The COVID‐19 pandemic and families in Japan

AUTHOR(S)
Tazuko Shibusawa; Chikako Ishii; Shinichi Nakamura (et al.)

Published: March 2021   Journal: Australian and New Zealand Journal of Family Therapy
This paper, which is authored by members of the Japanese Association of Family Therapy (JAFT), describes the COVID‐19 pandemic in Japan from a family systems perspective. It describes the course of the pandemic and the ways in which government policies to mitigate the pandemic have affected Japanese families. Challenges that affect Japanese families include the inability to participate in family and social rituals, prescribed gender roles that specifically affect women, high suicide rates, and prejudice against those who are at risk of spreading the infection. The need to shelter in place has also forced family homes to function as a workplace for parents, classrooms for children, and day care services for frail elders, which has resulted in psychological distress among individuals and conflicts among families.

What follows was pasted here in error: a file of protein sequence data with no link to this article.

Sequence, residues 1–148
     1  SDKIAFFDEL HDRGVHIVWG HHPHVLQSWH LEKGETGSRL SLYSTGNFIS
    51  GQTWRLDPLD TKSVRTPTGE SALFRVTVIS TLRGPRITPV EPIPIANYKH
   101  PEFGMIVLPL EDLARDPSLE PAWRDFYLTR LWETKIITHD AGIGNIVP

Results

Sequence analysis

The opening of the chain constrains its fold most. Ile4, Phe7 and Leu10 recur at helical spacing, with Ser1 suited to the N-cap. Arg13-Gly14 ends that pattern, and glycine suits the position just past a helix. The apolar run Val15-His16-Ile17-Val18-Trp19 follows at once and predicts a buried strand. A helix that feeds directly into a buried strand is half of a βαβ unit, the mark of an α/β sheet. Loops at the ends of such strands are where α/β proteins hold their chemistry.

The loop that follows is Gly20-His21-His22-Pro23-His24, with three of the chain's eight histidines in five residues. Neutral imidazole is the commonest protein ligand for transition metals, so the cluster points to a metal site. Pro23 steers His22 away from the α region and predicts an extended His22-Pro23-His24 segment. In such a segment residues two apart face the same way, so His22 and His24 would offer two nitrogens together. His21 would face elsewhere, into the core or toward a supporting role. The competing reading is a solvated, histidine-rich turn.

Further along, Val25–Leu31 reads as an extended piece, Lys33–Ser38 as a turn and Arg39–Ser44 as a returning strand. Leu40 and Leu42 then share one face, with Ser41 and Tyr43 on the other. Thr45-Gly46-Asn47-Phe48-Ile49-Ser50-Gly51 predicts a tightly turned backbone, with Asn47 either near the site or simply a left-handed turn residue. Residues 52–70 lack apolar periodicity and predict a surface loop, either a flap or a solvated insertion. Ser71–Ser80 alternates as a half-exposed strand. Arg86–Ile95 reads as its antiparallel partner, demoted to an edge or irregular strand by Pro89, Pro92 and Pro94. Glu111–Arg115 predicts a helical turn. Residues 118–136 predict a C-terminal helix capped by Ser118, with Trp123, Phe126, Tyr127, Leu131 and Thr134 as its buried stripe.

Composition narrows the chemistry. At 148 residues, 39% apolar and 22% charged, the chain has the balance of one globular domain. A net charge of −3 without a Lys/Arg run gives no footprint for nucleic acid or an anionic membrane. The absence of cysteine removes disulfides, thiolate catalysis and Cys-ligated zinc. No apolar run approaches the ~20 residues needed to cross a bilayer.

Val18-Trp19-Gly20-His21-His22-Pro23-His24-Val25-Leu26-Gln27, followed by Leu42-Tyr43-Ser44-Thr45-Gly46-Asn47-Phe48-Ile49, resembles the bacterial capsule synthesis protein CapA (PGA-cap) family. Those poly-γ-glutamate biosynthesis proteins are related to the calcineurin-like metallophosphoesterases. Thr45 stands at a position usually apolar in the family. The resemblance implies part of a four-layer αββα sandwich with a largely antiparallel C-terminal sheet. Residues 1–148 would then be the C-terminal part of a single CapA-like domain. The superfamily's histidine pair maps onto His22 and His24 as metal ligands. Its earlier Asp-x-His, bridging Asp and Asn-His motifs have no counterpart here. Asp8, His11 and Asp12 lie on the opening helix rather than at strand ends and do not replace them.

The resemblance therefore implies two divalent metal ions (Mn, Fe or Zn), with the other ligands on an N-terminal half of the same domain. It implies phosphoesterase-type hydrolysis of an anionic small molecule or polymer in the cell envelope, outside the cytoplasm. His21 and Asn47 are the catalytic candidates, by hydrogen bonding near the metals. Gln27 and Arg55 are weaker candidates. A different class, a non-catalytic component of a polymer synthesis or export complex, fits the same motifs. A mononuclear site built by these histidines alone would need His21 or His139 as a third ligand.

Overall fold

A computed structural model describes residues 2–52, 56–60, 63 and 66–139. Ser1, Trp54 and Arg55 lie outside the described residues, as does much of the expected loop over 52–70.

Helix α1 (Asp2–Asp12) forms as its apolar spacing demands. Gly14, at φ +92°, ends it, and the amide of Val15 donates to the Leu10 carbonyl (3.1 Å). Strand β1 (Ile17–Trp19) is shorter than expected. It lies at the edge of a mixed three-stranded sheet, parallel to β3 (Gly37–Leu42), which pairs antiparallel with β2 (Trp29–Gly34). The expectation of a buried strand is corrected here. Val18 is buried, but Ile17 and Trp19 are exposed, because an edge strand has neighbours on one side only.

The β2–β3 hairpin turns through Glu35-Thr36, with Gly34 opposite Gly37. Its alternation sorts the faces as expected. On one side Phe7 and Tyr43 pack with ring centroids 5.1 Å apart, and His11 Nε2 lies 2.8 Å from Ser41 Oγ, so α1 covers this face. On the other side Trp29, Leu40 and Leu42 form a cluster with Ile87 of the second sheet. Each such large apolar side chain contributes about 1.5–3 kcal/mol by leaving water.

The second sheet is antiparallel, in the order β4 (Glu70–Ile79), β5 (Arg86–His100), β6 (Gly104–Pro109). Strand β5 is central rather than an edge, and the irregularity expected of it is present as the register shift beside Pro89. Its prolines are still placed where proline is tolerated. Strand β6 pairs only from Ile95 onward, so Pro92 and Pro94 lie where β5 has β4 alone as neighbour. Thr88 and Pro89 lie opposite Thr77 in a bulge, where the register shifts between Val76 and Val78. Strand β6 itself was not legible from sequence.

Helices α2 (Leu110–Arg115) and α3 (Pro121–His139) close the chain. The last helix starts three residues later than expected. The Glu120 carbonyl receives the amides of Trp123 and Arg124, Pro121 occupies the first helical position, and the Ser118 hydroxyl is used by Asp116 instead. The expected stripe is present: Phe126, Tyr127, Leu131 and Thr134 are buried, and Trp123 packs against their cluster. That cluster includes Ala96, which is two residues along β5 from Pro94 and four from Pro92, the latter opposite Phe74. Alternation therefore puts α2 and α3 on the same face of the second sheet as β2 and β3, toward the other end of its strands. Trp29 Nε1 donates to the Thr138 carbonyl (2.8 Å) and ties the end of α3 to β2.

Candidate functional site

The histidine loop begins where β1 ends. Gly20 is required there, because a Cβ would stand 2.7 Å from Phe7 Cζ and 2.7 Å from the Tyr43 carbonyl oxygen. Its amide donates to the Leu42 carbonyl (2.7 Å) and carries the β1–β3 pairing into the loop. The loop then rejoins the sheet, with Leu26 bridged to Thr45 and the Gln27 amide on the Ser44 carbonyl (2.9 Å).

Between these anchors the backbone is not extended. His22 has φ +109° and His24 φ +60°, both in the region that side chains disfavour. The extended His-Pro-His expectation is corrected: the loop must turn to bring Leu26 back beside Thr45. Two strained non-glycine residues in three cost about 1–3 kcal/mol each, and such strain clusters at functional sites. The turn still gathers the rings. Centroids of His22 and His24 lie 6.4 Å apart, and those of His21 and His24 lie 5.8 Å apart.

Depression, anxiety and associated factors among Chinese adolescents during the COVID-19 outbreak: a comparison of two cross-sectional studies

AUTHOR(S)
Xu Chen; Han Qi; Rui Liu (et al.)

Published: March 2021   Journal: Translational Psychiatry
The 2019 coronavirus disease (COVID-19) is a public health emergency of international concern. In China, all schools were shut down and students were home quarantined to prevent disease spread; these steps could have potential negative effects on mental health of adolescents. This study aimed to examine changes in depression and anxiety among Chinese adolescents during the COVID-19 epidemic, and explore factors associated with depression and anxiety.